- Responsible entities should be monitoring the valuation of scheme property and its flow through to unit prices, including ensuring appropriate buy-sell spreads have been calculated and are being applied. In this regard, as mentioned above, we have already seen some movement in spreads as a response to bond pricing.
- ASIC’s expectations under Regulatory Guide 259: Risk management systems of responsible entities (RG 259) also need to be taken into account, particularly with regard to liquidity management, risk management systems and stress testing.
- Disclosure and member communications must be undertaken in a timely manner and consistently with the obligations for registered schemes, such as ensuring that members are treated equally and fairly.
In addition, ASIC has requested responsible entities provide notifications to ASIC in the event that any scheme becomes non-liquid or if a decision is made to suspend redemptions. This notification is separate to the statutory breach reporting obligations and so in that sense can be viewed as supporting ASIC’s monitoring activity in this area. It may also inform actions that ASIC takes in the future to assist responsible entities and members should issues arise.
Finally, ASIC in its letter reminded responsible entities that, should they be in a position where they have to declare a scheme as non-liquid for an extended period of time, it may be relevant to consider applying to ASIC for hardship relief. Subject to an entity satisfying the relevant criteria, ASIC can grant relief to facilitate partial investor access to funds in cases of hardship and also provide rolling withdrawal relief to responsible entities to simplify the procedure for periodic withdrawal offers.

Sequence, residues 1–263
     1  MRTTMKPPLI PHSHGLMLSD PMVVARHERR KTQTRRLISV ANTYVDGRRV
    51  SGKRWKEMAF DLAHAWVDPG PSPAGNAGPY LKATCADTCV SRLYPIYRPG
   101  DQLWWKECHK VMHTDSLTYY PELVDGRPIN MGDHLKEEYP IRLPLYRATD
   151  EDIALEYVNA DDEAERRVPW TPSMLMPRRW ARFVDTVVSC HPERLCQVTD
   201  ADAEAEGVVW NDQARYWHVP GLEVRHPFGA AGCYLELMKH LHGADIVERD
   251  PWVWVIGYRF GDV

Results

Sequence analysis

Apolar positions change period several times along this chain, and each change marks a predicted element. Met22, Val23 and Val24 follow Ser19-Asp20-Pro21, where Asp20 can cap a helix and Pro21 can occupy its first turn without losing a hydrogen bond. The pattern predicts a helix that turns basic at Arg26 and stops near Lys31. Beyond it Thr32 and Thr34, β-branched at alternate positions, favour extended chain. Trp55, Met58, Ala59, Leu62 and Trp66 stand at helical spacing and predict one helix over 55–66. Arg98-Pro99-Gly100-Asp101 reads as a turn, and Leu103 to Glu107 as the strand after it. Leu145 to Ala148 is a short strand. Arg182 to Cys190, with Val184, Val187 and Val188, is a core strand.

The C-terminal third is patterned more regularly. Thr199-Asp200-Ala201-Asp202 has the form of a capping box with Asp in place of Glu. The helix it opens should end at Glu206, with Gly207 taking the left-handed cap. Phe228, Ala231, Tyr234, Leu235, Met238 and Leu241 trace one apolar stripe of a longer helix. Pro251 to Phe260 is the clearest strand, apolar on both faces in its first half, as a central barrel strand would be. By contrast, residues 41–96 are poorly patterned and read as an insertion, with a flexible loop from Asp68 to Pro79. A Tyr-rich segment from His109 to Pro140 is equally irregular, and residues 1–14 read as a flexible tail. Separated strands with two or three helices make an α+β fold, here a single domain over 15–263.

Measures responsible entities can and should adopt
In light of the above, there is a range of measures that responsible entities can and should be adopting to ensure that their operational and regulatory response to these developing market conditions are sufficiently robust to address liquidity issues. Key questions to ask may include:
- Have liquidity management crisis scenarios been updated (where necessary), mapped and stress tested pursuant to RG 259?
- Has a framework been established to account for current scheme financial obligations regarding distributions, redemptions, operational needs and unexpected expenses?
- Have authorisations been obtained and contingency plans been developed for appropriate responses?
- Do changes need to be made to factor in remote working?
- Has there been an assessment of operational resilience and any changes needed to meet recently modified regulatory obligations?
We have already begun to see and advise on proactive steps being taken by a number of responsible entities, including upgrades to third party asset manager monitoring, reviews of board delegation and reporting processes as well as checks on current disclosure and constituent document terms. While it remains to be seen whether there will be a repeat of the unlisted scheme liquidity issues that arose in Australia during the global financial crisis, many of the lessons learned during that period will no doubt be relevant for the current and upcoming challenges faced by investment funds and their operators.